Research bureaucracy in the United Kingdom: Seeking a balance: response from the Department of Health and CORECBMJ 2004; 329 doi: https://doi.org/10.1136/bmj.329.7466.622 (Published 09 September 2004) Cite this as: BMJ 2004;329:622
- John Pattison, director of research and development (Sally.Bishop@doh.gsi.gov.uk),
- Terry Stacey, director
- Department of Health, London SW1A 2NS
- Central Office of Research Ethics Committees, London W2 3QR
EDITOR—Several articles about research ethics committees in the issue of 31 July have been constructive in advising about the need for change. Others have been less helpful, especially when based on error or misconception.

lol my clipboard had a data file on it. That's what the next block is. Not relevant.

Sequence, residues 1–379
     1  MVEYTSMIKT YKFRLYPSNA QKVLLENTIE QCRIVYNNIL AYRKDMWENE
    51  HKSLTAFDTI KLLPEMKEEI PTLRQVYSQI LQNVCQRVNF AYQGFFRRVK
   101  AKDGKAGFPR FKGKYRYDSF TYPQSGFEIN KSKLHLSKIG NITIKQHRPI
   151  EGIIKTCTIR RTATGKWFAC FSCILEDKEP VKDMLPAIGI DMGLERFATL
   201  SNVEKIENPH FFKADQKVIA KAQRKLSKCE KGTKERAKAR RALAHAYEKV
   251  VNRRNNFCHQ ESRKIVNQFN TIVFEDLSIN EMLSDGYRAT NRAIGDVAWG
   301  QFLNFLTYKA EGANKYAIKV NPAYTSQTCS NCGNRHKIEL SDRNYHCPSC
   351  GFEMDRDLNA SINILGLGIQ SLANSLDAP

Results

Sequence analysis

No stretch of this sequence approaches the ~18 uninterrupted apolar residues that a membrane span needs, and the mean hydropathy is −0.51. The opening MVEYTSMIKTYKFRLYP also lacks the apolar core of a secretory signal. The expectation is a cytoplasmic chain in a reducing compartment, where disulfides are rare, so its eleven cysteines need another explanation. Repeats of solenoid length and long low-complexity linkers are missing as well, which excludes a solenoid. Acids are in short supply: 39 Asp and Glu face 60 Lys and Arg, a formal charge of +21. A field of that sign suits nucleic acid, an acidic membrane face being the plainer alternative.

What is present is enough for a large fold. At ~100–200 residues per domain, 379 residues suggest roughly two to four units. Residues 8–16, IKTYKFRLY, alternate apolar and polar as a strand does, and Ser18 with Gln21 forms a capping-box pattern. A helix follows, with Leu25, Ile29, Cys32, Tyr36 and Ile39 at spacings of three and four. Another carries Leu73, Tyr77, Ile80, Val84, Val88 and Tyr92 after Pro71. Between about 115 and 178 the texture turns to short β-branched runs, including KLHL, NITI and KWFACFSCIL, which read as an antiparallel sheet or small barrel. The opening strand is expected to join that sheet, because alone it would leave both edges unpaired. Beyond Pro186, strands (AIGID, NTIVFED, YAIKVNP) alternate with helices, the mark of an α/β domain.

Nicholson claimed that research ethics committees may be unable to function because of political control.1 There is not, and never has been, a proposal for “direct political control” of research ethics committee membership. The European Directive on Clinical Trials (directive 2001/20/EC) legally obliges all member states, including the United Kingdom, to “take the measures necessary for establishment and operation of ethics committees.” The newly created United Kingdom Ethics Committee Authority simply comprises the four ministers of the countries in the United Kingdom who have until now been separately responsible for their NHS research ethics committee systems. His claim that results of UK research could not now be used for regulatory purposes is simply unfounded.
Ethics committees must be independent of research organisations. This independence relates to their decisions, not their operating processes. Previously some 200 research ethics committees had different processes and forms—a …